Canada Is Not A Banana Republic

Police in riot gear are belatedly clearing the streets of Ottawa of Freedom Convoy protesters who have grossly abused their democratic right to stage peaceful demonstrations.

The police are proceeding with extraordinary caution and deliberation despite the protestors’ stubborn refusal to comply with the law and disperse peacefully. Incredibly enough, several have assaulted policemen and even tried to grab their weapons.

Scores of protesters have been arrested and 53 vehicles have been seized and towed away, giving law-abiding citizens reason to believe the city will return to a semblance of normalcy in the days to come. The protestors caused nothing less than gridlock and chaos in the nation’s capital, clogging major streets, forcing shops to close, and interrupting the lives of its residents.

In Windsor, the Freedom Convoy succeeded in temporarily closing the Ambassador Bridge to Detroit. And in Alberta and British Columbia, it briefly blocked border crossings into the United States. These illegal blockades resulted in enormous losses to the economy of both countries.

The minuscule minority of truck drivers who launched the Freedom Convoy three weeks ago took the road to express their grievance with vaccine mandates, which were necessarily imposed to combat the COVID-19 pandemic. It apparently did not occur to the protesting drivers that 90 percent of Canadian truckers already had been vaccinated.

Within a short period of time, the truckers were summarily pushed aside, their cause hijacked by an opportunistic cabal of anti-vaxxers, opponents of COVID-19 health measures, and ideologues linked to far-right movements and a separatist political party in the province of Alberta.

Pat King, one of the Freedom Convoy organizers arrested in Ottawa, is an extremist by any conventional standard. He reportedly said that the standoff between protesters and police could only be solved “with bullets.” And lest it be forgotten, he is a proponent of the white supremacist “great replacement” theory, which holds that white Anglo-Saxon Americans are being replaced demographically by non-whites and Jews.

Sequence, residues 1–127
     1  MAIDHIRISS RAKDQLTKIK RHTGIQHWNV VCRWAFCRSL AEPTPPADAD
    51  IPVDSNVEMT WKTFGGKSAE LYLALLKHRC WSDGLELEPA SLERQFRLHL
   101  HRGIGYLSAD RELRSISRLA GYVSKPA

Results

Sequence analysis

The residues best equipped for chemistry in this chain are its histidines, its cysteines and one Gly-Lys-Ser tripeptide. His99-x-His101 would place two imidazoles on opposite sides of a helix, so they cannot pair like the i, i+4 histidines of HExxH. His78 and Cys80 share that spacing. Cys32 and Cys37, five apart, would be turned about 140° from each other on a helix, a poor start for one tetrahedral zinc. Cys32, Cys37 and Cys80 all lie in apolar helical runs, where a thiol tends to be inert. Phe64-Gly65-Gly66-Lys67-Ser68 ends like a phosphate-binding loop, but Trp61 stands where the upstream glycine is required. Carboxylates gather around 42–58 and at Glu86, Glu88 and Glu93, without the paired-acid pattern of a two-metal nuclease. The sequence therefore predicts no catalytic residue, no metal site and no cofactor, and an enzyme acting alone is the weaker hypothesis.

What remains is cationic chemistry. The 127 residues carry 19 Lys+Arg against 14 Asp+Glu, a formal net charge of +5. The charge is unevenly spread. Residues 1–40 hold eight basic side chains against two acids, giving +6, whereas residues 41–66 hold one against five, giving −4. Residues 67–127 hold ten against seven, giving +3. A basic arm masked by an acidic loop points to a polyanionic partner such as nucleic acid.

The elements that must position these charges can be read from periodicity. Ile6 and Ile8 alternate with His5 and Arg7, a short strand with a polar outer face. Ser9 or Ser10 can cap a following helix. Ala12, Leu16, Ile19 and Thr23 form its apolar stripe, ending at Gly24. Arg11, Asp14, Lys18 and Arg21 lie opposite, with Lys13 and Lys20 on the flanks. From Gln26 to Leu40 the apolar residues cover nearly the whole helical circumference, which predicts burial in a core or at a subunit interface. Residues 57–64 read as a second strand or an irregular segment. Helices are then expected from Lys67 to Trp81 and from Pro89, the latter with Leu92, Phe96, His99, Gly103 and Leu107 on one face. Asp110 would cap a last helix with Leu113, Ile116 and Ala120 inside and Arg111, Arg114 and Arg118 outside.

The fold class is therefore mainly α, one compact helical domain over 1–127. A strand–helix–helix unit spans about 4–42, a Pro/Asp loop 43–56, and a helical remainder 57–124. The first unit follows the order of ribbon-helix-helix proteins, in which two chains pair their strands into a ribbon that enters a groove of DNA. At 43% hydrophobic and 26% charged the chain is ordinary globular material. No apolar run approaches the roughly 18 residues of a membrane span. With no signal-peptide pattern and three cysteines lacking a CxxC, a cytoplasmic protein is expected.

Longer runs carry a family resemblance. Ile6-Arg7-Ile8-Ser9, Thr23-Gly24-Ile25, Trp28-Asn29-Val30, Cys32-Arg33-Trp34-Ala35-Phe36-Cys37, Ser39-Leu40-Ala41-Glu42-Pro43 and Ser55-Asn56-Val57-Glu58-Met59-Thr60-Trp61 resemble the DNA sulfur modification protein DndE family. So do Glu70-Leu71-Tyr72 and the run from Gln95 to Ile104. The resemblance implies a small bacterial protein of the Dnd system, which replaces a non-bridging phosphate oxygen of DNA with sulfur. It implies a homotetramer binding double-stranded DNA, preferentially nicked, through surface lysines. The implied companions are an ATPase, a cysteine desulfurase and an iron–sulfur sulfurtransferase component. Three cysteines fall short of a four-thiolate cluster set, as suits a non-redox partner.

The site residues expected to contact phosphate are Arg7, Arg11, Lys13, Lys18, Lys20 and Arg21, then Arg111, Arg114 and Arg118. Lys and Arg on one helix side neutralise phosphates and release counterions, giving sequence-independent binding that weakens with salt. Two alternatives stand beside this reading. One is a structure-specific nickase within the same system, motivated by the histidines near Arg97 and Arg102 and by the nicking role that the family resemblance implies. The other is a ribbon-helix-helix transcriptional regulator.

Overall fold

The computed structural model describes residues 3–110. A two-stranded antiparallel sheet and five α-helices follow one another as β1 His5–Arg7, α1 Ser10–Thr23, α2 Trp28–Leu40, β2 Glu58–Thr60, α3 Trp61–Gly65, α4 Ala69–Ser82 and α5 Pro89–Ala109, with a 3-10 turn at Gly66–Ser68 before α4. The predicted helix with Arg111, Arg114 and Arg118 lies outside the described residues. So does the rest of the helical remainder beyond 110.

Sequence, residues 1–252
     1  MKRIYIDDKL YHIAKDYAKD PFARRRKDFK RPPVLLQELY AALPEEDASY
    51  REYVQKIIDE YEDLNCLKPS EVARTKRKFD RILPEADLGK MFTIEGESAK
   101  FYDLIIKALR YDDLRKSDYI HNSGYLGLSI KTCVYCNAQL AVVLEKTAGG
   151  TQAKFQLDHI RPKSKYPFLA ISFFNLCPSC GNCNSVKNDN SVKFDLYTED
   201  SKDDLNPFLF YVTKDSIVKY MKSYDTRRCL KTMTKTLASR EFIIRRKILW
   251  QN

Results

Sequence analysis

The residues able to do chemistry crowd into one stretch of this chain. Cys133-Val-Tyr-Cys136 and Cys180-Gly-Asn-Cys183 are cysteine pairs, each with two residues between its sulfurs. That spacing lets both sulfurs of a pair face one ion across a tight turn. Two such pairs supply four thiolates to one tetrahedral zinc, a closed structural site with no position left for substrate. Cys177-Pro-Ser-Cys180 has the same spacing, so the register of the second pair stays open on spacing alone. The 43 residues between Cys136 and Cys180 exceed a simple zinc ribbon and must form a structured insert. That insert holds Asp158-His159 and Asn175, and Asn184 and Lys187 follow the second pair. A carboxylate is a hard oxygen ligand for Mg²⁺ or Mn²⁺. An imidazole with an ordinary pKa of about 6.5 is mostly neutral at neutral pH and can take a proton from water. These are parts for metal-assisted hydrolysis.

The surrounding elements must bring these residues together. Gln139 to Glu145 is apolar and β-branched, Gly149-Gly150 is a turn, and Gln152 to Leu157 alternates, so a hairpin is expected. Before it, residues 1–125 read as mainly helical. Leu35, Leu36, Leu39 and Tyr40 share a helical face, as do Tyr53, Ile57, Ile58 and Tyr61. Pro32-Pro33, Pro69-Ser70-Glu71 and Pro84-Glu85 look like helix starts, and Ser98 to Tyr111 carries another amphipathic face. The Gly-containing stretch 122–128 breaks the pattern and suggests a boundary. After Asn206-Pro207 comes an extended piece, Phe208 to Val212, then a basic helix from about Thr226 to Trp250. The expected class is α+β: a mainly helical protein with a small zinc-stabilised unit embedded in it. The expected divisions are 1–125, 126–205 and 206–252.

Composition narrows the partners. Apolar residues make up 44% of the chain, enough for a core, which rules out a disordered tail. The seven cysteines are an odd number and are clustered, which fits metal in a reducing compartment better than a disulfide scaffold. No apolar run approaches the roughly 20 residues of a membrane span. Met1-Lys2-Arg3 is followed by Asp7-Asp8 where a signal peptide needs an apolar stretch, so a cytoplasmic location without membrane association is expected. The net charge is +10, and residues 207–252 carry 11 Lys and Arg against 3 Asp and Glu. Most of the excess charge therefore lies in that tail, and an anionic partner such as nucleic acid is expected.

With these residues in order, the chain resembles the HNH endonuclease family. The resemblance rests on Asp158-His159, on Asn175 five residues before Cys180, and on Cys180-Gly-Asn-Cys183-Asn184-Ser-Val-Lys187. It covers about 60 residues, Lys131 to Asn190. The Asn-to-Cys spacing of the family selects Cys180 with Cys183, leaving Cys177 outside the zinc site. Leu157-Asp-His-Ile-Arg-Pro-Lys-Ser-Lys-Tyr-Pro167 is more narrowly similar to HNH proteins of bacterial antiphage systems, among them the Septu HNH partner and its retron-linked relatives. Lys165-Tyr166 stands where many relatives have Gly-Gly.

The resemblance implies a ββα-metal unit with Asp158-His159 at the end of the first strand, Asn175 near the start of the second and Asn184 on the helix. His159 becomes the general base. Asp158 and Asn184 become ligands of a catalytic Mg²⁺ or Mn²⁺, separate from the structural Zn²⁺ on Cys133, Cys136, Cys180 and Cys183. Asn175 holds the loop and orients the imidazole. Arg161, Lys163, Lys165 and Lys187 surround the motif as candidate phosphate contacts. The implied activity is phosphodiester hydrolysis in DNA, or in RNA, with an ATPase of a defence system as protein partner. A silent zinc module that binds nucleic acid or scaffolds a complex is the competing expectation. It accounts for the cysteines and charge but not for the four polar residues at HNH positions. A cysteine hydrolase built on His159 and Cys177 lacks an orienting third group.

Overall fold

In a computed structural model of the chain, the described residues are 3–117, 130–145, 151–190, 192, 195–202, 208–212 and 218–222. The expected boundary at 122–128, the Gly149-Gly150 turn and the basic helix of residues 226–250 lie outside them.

King and his ilk should have been arrested long before Canadian Prime Minister Justin Trudeau invoked the Emergencies Act, justifying it on the grounds that the protests threatened public safety, the national economy and Canada’s relations with the United States. As he correctly said, “Blockades and occupations are not peaceful protests.”

At the very least, the federal government should have acted with much greater resolve after the premier of Ontario, Rob Ford, declared a province-wide state of emergency. Much to his discredit, Trudeau allowed the protests to grow exponentially, underscoring his abysmal lack of leadership in the face of a ballooning crisis.

The protesters, having made their point, should have been forced to leave Ottawa before their campaign of disobedience spun completely out of control.

The Conservative Party cynically accused Trudeau of inflaming a tense situation, with interim leader Candice Bergen denouncing the use of the Emergencies Act as an “unprecedented sledgehammer.”

The Canadian Civil Liberties Association said it would take the federal government to court over its “extreme measure.”

Their claims are exaggerations.

The Emergencies Act, a spinoff of the War Measures Act, was enacted only as a last resort to curtail domestic and foreign funding to protesters and to end the unlawful and disruptive occupation of downtown Ottawa. It is targeted, time-limited and even proportionate. It is not overreach. Nor does it contravene the Charter of Rights and Freedoms, as supporters of the Freedom Convoy erroneously claim.

After three weeks of inexplicable inaction and amateurish fumbling, the federal government is finally dealing concretely with the anarchic circus in Ottawa. Let it be a lesson to future Canadian governments. The rule of law is a sacrosanct principle that no one has a right to violate.

Canada is not a banana republic where the law of the jungle prevails.

About the Author
Sheldon Kirshner is a journalist in Toronto. He writes at his online journal,
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